this climb has been balanced, a crime of killing an elected leader. >> the widow of jaser arafat reacting to new proof. the smoking gun? a powerful radioactive poison discovered in his remains. a possible break through as new talks get underway with iran. there are reports the u.s. may be willing to ease crippling sanctions if iran agrees to temporarily halt its nuclear program. thousands are evacuated in the feel peenz as the strongest t
typhoon of the year bears down. they're fighting a controversial new law that calls on young men and women to live separately in college dorms and even private student homes. good morning, and welcome to "al jazeera america." i'm stephanie sy. we begin with a story first reported exclusively here on al jazeera. new evidence supports the theory that yasser arafat was murdered. they say they found excessive amounts of a radioactive substance called polonium in his body. his body was exhumed one year ago in response to the al jazeera investigation. the report supports years of suspicion that arafat's widow
thought foul play was involved. >> i'm full of anger. this is a crime. this is an assassination of an elected palestinian leader by his people. it's a political assassination, and you can't imagine how my daughter and myself are in a very sad situation. we are mourning the father and the husband again. >> we have complete coverage of how israelis and palestinians are reacting to this news. mike hanna is in jerusalem. we begin with clayton swisher who explains how scientists reached that startling conclusion. >> reporter: first, they found abnormal high amounts in his clothes. now they discovered a high presence of the radioactive substance inside his bones. swiss scientists produced this 108-page report after an exhume mags of arafat's body last november. the scientists say their data
favors polonium poisoning. the arafat family received the results from their lawyer along with an analysis the scientist, david barkley. >> if i was a judge or jury, it was stone-cold certain. there's behind any doubt in my opinion that this caused the death of yasser arafat. >> for widow and daughter, it is 100% proof. >> when they came with the results, they told he just died, i will not stop. me and my daughter will go to all courts all over the world to punish who did this crime. >> now that we have proof that he was poisoned, i feel relieved, actually. a final closure for me knowing who killed him and the motive and the ambition behind it.
>> more than 40 years of research have given scientists knowledge of the average level in radioactive lead in human skeletons. what was found in his ribs and hips was the highest ever published. >> everybody has a tiny amount of palonium in their bones. the level in arafat is about 900 mil millibacres. that's 35 times the average. >> what's more the soil around his body had absorbed his decaying flesh and organs. that soil measured 18 times higher. the report rules out any external contamination, and it confirms through dna testing that the skeleton was definitely arafat's on a scale of confidence 1 to 6, 6 being strongly confident, the scientists say the data supports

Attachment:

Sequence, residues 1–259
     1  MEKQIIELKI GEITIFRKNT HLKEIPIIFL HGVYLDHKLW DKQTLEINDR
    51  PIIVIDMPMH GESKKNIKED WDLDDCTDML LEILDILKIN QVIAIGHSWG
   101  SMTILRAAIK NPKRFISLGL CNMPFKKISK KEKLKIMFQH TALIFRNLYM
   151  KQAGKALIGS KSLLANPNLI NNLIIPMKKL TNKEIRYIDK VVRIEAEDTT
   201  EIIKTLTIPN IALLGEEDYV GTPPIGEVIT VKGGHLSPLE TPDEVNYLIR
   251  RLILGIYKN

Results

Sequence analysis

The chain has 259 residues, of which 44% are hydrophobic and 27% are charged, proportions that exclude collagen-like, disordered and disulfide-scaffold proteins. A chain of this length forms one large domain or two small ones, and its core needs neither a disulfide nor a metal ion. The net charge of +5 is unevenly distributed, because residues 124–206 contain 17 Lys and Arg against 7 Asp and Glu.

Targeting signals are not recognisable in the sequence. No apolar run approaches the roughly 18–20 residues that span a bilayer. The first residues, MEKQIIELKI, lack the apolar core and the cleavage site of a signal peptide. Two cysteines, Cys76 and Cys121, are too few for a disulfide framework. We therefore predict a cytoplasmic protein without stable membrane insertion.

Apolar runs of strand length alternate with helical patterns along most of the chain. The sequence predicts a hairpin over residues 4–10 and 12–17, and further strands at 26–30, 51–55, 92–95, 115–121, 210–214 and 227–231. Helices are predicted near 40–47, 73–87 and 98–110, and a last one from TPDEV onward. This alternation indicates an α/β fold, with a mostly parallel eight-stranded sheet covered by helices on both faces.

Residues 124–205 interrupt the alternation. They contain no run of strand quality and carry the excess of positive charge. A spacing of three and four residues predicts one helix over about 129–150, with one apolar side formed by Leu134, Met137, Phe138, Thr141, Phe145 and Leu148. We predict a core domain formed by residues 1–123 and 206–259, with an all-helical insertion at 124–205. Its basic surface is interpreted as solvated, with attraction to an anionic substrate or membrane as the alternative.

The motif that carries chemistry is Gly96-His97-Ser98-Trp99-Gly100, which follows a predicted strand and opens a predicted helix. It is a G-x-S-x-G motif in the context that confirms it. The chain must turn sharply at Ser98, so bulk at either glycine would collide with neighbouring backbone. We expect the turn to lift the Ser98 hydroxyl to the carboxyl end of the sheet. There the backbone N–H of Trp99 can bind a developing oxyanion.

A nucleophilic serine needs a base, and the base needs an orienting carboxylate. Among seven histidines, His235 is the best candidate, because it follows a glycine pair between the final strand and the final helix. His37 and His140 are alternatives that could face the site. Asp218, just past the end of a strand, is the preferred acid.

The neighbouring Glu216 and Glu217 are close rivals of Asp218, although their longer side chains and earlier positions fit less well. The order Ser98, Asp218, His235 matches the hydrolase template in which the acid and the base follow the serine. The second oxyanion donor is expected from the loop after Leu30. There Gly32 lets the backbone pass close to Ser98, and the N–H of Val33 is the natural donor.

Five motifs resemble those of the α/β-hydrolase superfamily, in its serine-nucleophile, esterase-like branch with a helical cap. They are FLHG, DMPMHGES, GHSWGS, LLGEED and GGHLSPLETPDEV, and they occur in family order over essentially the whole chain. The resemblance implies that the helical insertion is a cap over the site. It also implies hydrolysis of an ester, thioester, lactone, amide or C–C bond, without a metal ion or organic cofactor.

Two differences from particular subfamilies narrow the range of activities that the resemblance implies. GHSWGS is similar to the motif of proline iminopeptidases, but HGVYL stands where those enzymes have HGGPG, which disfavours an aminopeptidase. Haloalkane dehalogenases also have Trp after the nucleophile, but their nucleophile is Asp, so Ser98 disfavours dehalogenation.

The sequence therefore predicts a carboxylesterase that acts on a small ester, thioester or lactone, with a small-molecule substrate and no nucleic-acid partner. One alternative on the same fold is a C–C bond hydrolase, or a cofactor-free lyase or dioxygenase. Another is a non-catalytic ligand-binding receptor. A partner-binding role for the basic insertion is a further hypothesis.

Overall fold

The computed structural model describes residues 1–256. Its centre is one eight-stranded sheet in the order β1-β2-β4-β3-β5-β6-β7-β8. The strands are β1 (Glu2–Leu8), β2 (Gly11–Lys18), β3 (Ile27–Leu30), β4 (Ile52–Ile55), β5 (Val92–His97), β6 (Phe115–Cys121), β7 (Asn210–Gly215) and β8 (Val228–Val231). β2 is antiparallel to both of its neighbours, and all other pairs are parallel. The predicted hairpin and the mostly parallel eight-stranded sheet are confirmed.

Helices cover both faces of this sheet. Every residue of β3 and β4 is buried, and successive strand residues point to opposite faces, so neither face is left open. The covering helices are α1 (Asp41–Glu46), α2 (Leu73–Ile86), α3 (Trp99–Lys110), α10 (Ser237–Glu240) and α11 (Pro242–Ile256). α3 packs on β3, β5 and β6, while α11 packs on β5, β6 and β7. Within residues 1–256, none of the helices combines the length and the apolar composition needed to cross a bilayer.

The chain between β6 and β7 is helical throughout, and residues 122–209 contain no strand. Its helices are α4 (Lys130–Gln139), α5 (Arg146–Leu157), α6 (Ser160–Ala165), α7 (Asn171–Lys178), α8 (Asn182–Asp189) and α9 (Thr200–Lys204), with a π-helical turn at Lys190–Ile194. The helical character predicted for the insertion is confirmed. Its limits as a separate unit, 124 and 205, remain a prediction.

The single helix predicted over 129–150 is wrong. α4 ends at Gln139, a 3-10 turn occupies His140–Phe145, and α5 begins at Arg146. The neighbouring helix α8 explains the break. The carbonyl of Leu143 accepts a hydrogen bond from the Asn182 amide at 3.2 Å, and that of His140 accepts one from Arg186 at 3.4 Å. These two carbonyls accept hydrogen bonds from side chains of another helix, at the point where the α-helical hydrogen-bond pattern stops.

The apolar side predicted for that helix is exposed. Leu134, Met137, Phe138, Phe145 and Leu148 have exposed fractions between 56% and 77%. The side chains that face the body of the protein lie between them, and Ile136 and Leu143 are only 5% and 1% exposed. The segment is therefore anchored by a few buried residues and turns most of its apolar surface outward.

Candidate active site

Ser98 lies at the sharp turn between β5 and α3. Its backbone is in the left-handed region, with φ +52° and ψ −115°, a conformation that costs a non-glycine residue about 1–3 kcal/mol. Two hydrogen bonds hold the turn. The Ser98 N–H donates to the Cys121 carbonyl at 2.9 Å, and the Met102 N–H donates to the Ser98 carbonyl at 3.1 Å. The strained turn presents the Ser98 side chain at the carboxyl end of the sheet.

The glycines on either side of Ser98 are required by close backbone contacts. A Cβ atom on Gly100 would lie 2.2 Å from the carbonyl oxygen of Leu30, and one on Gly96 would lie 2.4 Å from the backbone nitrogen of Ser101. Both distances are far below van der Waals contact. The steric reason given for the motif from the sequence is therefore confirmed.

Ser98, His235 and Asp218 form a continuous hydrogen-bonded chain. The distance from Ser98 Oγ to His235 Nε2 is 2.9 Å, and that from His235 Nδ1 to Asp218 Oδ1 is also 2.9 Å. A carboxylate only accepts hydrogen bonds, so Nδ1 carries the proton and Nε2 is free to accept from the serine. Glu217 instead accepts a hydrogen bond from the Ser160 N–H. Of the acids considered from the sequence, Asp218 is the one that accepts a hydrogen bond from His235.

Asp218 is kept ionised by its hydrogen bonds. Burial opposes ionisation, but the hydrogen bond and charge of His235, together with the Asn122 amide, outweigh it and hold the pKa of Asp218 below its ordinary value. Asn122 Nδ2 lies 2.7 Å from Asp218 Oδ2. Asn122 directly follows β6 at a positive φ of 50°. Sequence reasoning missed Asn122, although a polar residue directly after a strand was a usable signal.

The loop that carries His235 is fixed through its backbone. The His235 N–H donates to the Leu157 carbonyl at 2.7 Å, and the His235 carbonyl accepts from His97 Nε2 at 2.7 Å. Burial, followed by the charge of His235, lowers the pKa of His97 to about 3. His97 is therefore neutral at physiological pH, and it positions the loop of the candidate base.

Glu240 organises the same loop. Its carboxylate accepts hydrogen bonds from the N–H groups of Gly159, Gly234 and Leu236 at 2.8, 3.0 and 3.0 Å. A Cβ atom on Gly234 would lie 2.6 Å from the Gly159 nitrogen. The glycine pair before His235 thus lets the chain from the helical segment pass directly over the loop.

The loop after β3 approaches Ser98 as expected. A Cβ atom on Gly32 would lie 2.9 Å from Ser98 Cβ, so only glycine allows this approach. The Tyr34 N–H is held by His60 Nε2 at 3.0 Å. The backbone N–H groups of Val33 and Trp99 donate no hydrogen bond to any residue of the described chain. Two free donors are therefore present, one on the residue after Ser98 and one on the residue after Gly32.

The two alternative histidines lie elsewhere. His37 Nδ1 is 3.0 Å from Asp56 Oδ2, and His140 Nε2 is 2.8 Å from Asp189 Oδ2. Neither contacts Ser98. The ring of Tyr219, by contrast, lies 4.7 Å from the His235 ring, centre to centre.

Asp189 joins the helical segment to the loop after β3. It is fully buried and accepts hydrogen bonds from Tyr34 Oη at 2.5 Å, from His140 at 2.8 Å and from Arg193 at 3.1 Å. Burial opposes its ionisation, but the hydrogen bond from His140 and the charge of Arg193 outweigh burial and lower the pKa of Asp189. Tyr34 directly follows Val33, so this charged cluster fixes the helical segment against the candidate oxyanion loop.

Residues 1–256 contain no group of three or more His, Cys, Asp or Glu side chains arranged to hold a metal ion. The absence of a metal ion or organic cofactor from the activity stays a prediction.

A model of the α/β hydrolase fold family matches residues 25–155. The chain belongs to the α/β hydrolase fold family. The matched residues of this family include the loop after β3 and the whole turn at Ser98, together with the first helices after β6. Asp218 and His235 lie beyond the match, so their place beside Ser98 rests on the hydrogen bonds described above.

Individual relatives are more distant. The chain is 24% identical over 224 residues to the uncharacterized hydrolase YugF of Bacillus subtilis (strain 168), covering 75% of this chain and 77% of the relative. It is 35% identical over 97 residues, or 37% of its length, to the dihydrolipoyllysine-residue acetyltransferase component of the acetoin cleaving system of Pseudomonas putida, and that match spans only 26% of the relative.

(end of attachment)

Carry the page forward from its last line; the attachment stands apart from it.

poisoning at level 5. if confirms a theory first put forward last year. then the same swiss scientists found his blood and urine stains were strongly contaminated with palonium 210. they were lifted from the stained clothes the palestinian leader wore in his final days, but this latest test was on arafat's flesh and bones. buried in ra maul since his death in 2004. his body was unearthed last year. three teams took 20 samples each. al jazeera has released the swiss team's results. a russian team carried out tests after a last-minute invite from the palestinian authority. their results have not yet been made public. there was a team in france. the french results remain a secr secret, but as they continue with the murder inquiry, they now have new evidence and the looming question behind all of this is whether the palestinian authority shifting the case to the international criminal
court. perhaps they will finally see supports brought to try and learn once and for all not just what killed arafat but who. clayton swisher, al jazeera, paris. >> the new findings on arafat are raising caution in israel. officials were quick to repeat on wednesday that their government had nothing to do with arafat's death. mike hanna is in jerusalem with reaction. >> reporter: the israeli government has been largely dismissive of the latest report. a spokesman for the foreign ministry describes it as a soap opera. he says that it is possibly part of the feud between arafat's widow and the palestinian authority. the key issue, though, is that the report has been handed over to the palestinian authority, and an investigative committee will decide what to do next based on the latest round of evidence. important to remember the context in which arafat spent his last day.